Have I cleared from an MVA "no patient's found"? absolutely. If two idiots get into a fight, is an ambulance needed? absolutely not. but if the cop gets there, and calls for an ambulance, is it no patient's found? well, the cop called for a reason, even if it was stupid and unnecessary. Would I be ok asking both idiots "does anyone want an ambulance" and if both say no, than no patient found / police matter? sure, however 1) technically, I made patient contact, if both are defined as a patient 2) the cop requested my services, so he successfully shifted the responsibility onto me, the medical professional and 3) if the victim has a massive bleed and dies the next day, the cop is going to say that he called EMS, EMS arrived and didn't do anything, so it's their problem not his, and he won't be wrong.

It's all well and good until someone files a complaint, or an attorney requests your agency pull a run sheet on your "police matter" for their now disabled client, who is disabled because you didn't treat appropriately; and you don't have any documentation to say otherwise.
 

DrParasite

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Patient states he took an intentional overdose of 50x500mg of Tylenol. He states he is refusing care and will fight if he is forced to go to the hospital. He has a history of mental illness and a previous Tylenol overdose attempt resulting in prolonged ICU admission. Law enforcement refuses to place him in protective custody.
Law enforcement is refusing to place him in protective custody? easy answer. request an EMS supervisor to respond to the scene, as well as a law enforcement supervisor to the scene.

PD supervisor still refuses? ok, can i have your name and badge number please? and of the officer who initially refused? I will need it so when the lawsuit gets filed, they can be personally named in the wrongful death suit.

EMS supervisor, how do you want me to handle this? are you comfortable with obtaining a refusal? if not tell me exactly what you want me to do, because this is a bad situation and I don't want it falling back on me. And if he saying nothing else to do, than mr overdose person, "can you sign here please? this is a bad idea, and it's likely you need help, but I can't force you to go. hey family members? can you sign here that he is making this really bad decision on his own free will, and that I think it's a bad decision?"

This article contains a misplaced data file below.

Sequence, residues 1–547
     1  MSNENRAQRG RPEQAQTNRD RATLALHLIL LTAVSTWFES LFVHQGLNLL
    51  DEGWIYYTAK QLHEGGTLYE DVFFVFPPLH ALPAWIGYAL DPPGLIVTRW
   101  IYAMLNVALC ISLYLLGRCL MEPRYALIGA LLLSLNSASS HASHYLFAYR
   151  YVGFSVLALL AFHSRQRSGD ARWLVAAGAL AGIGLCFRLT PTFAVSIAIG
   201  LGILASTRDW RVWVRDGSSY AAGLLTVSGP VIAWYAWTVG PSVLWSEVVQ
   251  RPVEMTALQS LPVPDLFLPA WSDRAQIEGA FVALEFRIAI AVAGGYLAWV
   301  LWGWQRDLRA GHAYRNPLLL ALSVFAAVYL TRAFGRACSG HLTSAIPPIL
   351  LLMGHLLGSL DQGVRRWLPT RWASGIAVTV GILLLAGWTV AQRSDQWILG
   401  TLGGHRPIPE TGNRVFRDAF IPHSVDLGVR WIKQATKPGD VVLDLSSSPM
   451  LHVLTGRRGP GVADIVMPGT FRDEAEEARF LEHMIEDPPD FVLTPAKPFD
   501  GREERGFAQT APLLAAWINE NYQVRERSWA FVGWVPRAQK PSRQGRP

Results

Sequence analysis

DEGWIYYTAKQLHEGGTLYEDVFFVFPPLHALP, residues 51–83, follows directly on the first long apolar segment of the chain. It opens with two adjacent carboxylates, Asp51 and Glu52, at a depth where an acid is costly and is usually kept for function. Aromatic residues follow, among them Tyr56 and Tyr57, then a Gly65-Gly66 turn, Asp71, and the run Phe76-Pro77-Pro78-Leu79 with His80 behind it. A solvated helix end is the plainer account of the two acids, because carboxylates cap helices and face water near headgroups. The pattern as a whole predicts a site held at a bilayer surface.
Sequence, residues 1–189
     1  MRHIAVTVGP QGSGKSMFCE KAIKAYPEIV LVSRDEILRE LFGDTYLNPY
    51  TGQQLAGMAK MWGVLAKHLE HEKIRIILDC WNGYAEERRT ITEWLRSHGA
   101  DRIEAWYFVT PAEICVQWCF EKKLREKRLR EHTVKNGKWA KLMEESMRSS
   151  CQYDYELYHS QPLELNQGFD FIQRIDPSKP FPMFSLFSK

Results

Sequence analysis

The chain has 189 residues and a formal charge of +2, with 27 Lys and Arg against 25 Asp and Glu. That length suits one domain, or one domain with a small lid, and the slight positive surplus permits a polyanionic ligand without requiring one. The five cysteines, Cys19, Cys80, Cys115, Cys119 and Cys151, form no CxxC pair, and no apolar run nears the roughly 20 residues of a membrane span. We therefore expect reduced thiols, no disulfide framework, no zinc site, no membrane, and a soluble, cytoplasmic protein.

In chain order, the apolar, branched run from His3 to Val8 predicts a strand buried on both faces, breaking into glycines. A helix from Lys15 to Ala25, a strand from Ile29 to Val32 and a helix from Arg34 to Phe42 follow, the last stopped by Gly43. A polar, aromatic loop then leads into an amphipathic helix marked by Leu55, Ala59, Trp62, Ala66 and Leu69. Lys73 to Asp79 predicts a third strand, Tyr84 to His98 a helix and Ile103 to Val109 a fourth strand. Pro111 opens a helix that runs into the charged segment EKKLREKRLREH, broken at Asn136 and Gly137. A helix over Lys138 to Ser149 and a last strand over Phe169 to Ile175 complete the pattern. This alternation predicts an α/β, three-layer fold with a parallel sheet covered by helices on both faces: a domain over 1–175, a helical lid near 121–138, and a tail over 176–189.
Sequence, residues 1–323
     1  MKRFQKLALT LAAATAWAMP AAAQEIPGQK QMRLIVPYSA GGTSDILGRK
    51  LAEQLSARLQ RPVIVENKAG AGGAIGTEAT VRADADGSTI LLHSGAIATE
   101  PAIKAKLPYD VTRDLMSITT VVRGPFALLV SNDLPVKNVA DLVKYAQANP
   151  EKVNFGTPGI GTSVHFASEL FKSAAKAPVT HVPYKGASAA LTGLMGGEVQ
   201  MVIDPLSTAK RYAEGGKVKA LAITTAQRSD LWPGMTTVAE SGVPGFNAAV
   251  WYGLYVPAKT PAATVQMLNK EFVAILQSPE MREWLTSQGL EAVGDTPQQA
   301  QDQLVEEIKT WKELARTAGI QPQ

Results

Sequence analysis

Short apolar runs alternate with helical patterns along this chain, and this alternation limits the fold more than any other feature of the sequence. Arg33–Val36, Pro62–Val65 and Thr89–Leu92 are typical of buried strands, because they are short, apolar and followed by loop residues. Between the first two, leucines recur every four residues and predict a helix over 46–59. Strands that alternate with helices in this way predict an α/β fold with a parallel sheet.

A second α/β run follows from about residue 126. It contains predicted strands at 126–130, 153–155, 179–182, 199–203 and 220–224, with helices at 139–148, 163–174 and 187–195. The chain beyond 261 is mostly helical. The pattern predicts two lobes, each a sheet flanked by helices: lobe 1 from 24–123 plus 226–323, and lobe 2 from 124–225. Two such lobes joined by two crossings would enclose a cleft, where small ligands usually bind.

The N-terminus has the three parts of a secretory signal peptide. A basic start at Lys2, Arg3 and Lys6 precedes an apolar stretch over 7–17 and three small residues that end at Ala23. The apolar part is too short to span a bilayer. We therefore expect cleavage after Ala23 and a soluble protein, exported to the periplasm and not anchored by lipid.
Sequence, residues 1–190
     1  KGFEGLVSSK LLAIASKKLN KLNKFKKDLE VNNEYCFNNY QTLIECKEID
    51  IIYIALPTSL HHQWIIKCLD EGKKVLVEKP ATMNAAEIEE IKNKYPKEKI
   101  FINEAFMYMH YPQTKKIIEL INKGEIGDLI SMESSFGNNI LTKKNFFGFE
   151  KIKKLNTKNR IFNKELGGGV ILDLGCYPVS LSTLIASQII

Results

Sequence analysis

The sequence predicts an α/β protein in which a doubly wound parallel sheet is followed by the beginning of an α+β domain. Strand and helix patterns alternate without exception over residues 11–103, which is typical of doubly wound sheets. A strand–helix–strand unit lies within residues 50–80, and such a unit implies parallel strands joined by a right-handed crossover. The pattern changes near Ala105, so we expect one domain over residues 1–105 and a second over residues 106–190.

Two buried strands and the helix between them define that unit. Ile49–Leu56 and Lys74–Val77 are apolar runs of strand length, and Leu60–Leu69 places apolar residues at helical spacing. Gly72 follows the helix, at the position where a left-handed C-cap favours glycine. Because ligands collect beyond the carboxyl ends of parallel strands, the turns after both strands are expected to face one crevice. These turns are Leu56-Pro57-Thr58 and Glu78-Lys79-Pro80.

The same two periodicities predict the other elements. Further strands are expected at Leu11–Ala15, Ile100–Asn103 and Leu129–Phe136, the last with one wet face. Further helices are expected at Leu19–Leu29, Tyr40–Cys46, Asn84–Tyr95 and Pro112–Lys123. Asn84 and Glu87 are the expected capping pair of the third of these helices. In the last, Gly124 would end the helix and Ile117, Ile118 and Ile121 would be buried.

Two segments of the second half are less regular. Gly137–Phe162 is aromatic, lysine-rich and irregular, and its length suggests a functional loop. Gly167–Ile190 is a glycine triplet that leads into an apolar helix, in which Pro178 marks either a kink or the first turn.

If law enforcement is failing to do their job, and the EMS supervisor says there is nothing else to do, than you've exhausted your options, and people have the right to make stupid decisions regarding their healthcare.
 

NPO

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Below is an excerpt from our protocols regarding this exact scenario.

"Transporting Patients Who Have a Psychiatric Complaint

A. If a patient has an isolated mental health complaint (e.g. suicidality), and does not have a medical complaint or need specific medical intervention, then that patient may be appropriately transported by law enforcement according to their protocols.
B. If a patient has a psychiatric complaint with associated illness or injury (e.g. overdose, altered mental status, chest pain, etc), then the patient should be transported by EMS
C. Reasonable concern for suicidal or homicidal ideation, or grave disability from psychiatric decompensation, is sufficient to assume that the patient may lack medical decision-making capacity to refuse ambulance transport. Effort should be made to obtain consent for transport from the patient, and to preserve the patient’s dignity throughout the process. However, the patient may be transported over his or her objections and treated under implied consent if patient does not comply.
D. A patient being transported for psychiatric evaluation may be transported to any appropriate receiving emergency department.
E. Accusations of kidnapping or assault of the patient are only theoretical and rarely occur. The Denver Metropolitan EMS Medical Directors feel strongly that the risk of abandonment of a potentially suicidal or otherwise gravely impaired patient is far greater. Be sure to document your reason for taking the patient over their objections, that you believe that you are acting in the patient's best interests, and be sure to consult a BASE PHYSICIAN if there are concerns."

We have a really good working relationship with PD in the city and they will work with use we feel the patient should placed on an M1 hold (72hour involuntary hold). PD will not hesitate to help "facilitate" care of uncooperative patients.

Here is a link to our protocols if anyone is curious to browse them.

This is a good protocol entry. Unfortunately in Missouri, state law does not allow us this luxury, and in my county Law Enforcement pretty much objects to transporting any psych patient; even voluntary. Missouri is working on a legislative update to add involuntary psychiatric detainment.